so that they are perceived to have a mental illness and are more
likely to be involuntarily admitted in the future.
that individuals who are subject to IEA certificates are not
provided procedural due process to challenge the finding that
they meet the criteria for involuntary emergency admission.
They also allege that the proposed class of individuals being
involuntarily detained in non-designated receiving facilities
without due process was at least fifty in October of 2018 and in
July of 2019 was sixteen.
For relief, the plaintiffs, on their own behalf and on
behalf of the class, seek a declaration that the Commissioner’s
practice of not providing a probable cause hearing to persons
involuntarily detained in private hospitals within three days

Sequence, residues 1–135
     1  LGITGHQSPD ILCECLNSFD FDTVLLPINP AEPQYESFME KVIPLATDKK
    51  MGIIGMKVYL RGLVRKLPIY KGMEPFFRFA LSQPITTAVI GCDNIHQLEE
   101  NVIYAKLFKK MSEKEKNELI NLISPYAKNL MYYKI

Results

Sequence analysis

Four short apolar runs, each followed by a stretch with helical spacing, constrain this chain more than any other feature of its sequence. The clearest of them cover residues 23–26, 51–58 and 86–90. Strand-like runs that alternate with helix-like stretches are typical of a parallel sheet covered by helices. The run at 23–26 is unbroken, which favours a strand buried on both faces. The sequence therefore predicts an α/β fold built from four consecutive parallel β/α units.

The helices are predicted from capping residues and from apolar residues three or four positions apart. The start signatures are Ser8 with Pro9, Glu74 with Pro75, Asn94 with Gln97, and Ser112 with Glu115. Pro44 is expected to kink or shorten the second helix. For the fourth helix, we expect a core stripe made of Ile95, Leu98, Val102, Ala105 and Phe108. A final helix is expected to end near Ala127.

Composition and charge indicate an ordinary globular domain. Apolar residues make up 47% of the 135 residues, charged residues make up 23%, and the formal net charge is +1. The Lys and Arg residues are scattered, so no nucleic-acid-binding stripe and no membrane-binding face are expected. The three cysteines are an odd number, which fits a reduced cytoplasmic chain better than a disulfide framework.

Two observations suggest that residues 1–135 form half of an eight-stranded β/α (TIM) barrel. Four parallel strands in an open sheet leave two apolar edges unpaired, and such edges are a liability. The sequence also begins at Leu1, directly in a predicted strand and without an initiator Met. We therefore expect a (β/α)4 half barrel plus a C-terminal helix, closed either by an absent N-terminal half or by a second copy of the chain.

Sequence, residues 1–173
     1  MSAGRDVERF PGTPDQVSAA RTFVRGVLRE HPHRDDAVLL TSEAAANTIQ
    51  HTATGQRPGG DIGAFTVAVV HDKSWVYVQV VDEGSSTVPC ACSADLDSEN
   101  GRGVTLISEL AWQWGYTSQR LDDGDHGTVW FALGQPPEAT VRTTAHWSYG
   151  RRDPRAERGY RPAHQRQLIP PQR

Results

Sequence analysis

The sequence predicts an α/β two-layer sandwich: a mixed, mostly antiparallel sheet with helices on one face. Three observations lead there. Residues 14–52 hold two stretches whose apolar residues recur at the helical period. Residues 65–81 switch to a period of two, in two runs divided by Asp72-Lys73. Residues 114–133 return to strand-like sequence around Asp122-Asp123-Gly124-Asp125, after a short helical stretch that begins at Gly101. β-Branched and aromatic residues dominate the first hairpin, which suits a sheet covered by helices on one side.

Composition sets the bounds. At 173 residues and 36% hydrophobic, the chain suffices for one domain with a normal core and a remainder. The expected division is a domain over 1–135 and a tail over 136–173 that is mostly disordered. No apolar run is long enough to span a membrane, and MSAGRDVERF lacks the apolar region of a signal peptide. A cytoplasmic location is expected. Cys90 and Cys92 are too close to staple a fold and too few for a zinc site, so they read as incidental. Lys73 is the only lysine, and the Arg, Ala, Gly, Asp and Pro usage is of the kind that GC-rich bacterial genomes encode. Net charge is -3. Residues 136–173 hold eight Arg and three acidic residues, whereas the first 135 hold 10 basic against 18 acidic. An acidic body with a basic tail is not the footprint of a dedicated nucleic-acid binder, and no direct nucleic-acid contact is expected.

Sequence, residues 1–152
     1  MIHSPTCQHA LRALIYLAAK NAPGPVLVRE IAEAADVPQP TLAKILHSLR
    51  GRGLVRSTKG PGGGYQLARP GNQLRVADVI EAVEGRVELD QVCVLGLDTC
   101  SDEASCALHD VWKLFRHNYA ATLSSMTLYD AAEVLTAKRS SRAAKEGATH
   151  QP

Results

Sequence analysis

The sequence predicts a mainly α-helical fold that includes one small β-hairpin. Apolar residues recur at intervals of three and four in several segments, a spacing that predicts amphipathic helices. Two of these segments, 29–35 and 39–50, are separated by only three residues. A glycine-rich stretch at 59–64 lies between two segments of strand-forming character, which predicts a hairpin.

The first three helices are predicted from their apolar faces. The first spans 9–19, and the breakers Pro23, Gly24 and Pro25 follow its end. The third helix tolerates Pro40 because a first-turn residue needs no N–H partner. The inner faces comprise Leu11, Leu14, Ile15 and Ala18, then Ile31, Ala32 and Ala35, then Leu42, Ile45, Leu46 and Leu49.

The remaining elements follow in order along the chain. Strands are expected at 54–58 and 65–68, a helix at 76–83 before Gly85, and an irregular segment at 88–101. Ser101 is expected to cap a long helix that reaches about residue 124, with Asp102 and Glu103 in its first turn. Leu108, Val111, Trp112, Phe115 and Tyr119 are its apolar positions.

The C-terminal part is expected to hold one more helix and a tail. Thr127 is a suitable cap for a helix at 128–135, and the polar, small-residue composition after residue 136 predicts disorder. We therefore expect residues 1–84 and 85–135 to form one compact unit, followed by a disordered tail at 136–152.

after an IEA certificate is completed violates RSA 135-C:31, I
and the Due Process Clause of the Fourteenth Amendment.
also seek a declaration that the Commissioner’s practice
violates Part I, Article 15 of the New Hampshire Constitution.
They ask the court to impose a preliminary and a permanent
injunction to require the Commissioner to provide procedural due
process to IEA-certified persons who are detained in hospitals
while waiting to be delivered to a designated receiving
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Standard of Review
The plaintiffs move to certify a class under Federal Rules
of Civil Procedure 23(a) and 23(b)(2).
For purposes of class
certification, the named plaintiffs must meet the threshold
requirements of Rule 23(a) by showing sufficient numerosity of
the proposed class, common questions of law or fact, the
representative parties’ claims are typical of the class, and the
representative parties will fairly and adequately represent the